Business groups say the make-up of growth over 2012 indicates that the transition from resources to non-mining sectors to drive the economy may still need the helping hand of another interest rate cut.
The latest national accounts figures released on Wednesday showed the economy grew at 0.6 per cent in the December quarter for annual rate of 3.1 per cent, close to its long term trend.
But Australian Chamber of Commerce and Industry chief economist Greg Evans is concerned that the result was helped by a large lumpy contribution from government investment during the quarter.
He also noted that household consumption was subdued, non-dwelling contraction was down, and machinery and equipment purchases were lower.
"This points to a business sector which remains cautious on all fronts, including in critical decision making relating to investing, employing and its willingness to borrow to expand," Mr Evans said in a statement.
"With the economy needing to transition to more broad based growth, conditions in the mainstream economy remain subdued and the Reserve Bank will need to watch closely as further rate cuts may be required."
The central bank held its official cash rate steady at Tuesday's monthly board meeting, but reiterated that it had scope to ease monetary policy again should the economy need it.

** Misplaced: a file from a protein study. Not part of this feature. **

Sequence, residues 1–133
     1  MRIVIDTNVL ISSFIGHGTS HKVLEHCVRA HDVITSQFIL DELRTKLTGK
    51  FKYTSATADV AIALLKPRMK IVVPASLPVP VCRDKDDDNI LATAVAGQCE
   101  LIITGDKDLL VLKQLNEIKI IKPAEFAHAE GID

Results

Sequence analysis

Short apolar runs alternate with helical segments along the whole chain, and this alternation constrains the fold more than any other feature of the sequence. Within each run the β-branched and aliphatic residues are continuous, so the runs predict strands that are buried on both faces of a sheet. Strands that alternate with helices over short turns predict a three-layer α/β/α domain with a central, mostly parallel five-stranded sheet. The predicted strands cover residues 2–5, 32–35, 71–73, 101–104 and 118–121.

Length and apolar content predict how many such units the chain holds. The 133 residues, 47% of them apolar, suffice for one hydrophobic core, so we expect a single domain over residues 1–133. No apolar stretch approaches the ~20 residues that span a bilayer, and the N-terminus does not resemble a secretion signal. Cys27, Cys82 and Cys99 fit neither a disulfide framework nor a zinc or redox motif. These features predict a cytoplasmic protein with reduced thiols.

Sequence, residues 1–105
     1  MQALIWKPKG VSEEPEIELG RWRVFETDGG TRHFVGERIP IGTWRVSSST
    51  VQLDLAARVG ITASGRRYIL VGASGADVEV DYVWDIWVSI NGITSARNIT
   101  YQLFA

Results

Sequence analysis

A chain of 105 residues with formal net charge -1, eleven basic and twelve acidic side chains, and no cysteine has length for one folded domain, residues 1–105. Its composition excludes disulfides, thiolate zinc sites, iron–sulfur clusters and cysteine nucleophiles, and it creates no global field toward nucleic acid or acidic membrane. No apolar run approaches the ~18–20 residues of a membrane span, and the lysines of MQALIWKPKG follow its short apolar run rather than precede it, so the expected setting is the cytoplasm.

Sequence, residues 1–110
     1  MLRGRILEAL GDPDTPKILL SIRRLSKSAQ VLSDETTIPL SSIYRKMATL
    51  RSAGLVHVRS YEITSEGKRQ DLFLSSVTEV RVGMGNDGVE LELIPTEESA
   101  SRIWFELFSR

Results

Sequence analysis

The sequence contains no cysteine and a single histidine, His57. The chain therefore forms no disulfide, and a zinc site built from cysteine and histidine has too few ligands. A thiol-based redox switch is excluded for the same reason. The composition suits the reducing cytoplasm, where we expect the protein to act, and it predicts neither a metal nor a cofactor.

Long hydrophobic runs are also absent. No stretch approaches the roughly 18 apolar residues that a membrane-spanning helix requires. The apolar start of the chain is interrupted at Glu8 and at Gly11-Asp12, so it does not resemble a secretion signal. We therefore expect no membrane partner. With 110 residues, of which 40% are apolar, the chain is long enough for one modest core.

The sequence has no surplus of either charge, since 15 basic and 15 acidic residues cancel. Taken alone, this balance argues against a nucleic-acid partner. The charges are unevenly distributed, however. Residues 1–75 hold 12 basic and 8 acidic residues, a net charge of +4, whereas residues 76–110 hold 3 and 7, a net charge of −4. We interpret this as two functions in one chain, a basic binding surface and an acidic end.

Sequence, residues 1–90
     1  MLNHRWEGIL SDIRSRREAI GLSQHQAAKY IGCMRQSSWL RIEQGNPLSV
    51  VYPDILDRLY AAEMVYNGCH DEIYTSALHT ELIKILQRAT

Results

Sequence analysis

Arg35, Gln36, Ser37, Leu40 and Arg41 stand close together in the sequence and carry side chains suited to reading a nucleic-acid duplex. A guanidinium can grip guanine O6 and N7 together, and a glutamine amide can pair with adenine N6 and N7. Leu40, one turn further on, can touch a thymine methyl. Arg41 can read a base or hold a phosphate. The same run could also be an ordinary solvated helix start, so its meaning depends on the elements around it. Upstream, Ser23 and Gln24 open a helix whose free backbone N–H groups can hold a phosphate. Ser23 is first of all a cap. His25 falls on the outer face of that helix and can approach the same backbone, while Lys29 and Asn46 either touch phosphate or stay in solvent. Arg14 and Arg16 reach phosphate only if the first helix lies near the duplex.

The Reserve Bank of Australia (RBA) has said other sectors of the economy will have to take up the slack as mining investment peaks this year.
Housing Industry Association senior economist Shane Garrett was encouraged by a 3.4 per cent increase in private home construction in the December quarter as a result of 175 basis points worth of cash rate cuts between November 2011 and December 2012.
But he said this increase was well short of what the RBA and the Australian economy required.
"In the absence of significant growth across all sectors of the industry, it is still too early to declare an end to the housing weakness," Mr Garrett said in a statement.
He said further interest rate reductions are warranted, along with policy action from governments to support residential construction activity.
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